Little Rock astral soul singer-songwriter Joshua Asante, frontman for Amasa Hines and Velvet Kente, began work on a record in late 2019 with the idea of rolling it out in 2020. Care to guess what happened next?
"I had in my mind that I'd get these songs together. I'd started touring solo, and I thought that at the top of 2020 I'd go out and play these songs," Asante says with a chuckle.
Of course, the pandemic prevented any touring or shows for a while. "There are probably half a billion stories like that from pre-covid life, of musicians and artists who thought they were going to do something," Asante muses.
Something positive came from the delay, however. The record, titled "All the Names of God at Once," which comes out Jan. 28 on Asante's Quiet Contender label, was initially planned as a quickly recorded project. With more time on his hands, Asante began to tinker with the album, with help from Zachariah Reeves, who played bass and keyboards and contributed to the production.
"We recorded at the chapel behind Fellowship Hall Sound," he says. "As the virus proliferated, we ended up sort of mixing and overdubbing on it for the next year and a half. So it sounds like an expensive record, but the primary capital investment was time ... . Having that time changed the shape of the record. It made it an album."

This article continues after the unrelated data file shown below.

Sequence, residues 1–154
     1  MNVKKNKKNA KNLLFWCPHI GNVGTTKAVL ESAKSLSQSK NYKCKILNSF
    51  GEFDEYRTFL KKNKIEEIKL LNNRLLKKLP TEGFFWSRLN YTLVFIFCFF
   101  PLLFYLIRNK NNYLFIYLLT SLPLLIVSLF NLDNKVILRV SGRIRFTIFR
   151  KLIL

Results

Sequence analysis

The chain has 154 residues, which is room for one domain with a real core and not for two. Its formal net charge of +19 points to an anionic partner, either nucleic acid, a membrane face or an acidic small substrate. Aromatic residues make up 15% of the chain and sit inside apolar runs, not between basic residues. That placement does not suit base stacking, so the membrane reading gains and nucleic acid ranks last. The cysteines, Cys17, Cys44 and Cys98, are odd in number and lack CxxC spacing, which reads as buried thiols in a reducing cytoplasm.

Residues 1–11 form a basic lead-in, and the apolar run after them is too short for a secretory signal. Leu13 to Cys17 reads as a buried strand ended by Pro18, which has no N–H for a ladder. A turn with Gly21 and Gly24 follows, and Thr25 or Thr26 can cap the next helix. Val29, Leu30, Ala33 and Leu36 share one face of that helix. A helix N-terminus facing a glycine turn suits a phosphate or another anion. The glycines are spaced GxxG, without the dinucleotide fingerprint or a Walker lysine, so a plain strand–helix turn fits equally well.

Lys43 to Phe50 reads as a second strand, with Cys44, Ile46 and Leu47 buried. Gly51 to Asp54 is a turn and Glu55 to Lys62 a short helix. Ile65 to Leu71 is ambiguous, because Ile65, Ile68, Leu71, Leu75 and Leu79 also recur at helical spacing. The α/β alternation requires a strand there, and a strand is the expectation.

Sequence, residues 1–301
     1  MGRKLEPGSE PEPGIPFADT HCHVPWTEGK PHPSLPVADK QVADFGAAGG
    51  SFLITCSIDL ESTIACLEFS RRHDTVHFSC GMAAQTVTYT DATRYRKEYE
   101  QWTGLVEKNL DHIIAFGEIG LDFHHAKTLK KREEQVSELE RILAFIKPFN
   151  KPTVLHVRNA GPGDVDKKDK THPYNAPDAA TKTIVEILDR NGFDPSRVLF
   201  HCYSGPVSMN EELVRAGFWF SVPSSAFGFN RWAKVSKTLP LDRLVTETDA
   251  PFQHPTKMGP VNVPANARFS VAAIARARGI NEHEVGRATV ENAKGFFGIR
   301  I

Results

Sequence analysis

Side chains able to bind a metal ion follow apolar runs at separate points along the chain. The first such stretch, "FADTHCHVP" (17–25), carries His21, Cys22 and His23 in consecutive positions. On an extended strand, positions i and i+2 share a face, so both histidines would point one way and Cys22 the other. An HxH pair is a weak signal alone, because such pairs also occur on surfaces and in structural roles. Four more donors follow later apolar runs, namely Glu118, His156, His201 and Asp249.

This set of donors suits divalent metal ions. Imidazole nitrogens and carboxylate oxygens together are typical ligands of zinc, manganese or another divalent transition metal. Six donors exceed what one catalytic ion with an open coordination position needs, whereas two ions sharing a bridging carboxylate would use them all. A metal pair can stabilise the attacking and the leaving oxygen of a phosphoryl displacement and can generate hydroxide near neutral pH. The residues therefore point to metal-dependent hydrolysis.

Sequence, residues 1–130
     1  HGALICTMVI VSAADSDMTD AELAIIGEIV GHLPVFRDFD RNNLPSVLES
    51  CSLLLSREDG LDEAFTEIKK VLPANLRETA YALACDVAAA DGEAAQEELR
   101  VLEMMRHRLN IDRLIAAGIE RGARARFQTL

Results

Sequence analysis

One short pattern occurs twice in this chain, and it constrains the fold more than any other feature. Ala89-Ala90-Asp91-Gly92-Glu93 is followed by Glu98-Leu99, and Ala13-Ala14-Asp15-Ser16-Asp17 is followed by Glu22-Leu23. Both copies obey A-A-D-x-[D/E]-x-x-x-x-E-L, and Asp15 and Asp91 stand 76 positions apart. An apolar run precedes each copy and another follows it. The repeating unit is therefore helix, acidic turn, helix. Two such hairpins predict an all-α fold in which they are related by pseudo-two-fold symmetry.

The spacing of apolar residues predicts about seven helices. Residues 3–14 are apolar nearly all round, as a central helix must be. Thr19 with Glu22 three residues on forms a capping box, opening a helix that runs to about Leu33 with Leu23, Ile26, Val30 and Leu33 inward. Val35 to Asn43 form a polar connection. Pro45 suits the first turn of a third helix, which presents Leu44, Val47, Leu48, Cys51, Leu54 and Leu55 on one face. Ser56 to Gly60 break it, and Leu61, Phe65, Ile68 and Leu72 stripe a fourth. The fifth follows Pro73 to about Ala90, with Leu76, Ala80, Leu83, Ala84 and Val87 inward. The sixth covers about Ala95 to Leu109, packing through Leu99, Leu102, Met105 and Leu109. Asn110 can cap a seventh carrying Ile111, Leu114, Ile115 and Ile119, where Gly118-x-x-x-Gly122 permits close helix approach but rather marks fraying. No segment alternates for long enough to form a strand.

The result is a dreamy, atmospheric album that calls to mind TV on the Radio, Radiohead and Alabama Shakes. There are forays into jazz, electronica, rock, soul and '80s synth pop, all highlighted by Asante's passionate and intense vocals.
"Seen It, Say It," an album highlight that Asante calls his best composition, features saxophonist Stuart Bogie, a member of New York-based afro-beat group Antibalas, who also played on TV on the Radio's "Return to Cookie Mountain" and has recorded or performed with the Hold Steady, Run the Jewels, Arcade Fire, Amy Helm, Adia Victoria, Taylor Swift and more.
"I sent him the song to put some clarinet on and he made such a lush orchestration, I have to credit him for a greater contribution because of how diligent he was with this one song," Asante says.
There's also an undeniable spiritual element to the record, whose title was inspired by the Saul Williams song "All John Coltrane's Solos at Once."
"I was like, if you're trying to create a mental framework around all of his solos at once, you're trying to hear all of the names of God at once," Asante says. "The way [Coltrane] worked, he was trying to pronounce all he understood about creation, the creator, the creators and divinity. I scribbled those thoughts down, and they stayed with me as a common thread from a philosophical standpoint."
Lyrically, Asante is influenced by things like "Blade Runner," "Dune," Black speculative fiction and the sci-fi novels of Octavia Butler. "Everybody Gets Used," the album opener, reflects these touchstones and sets the tone for the record, he says.
"This notion of like, you're in a car, and it's a scene in 'Blade Runner' but there are actually Black people there. Or you're on Arrakis [from 'Dune'] and there are Black people among the Fremen. I wanted the rest of the record to pan out from there."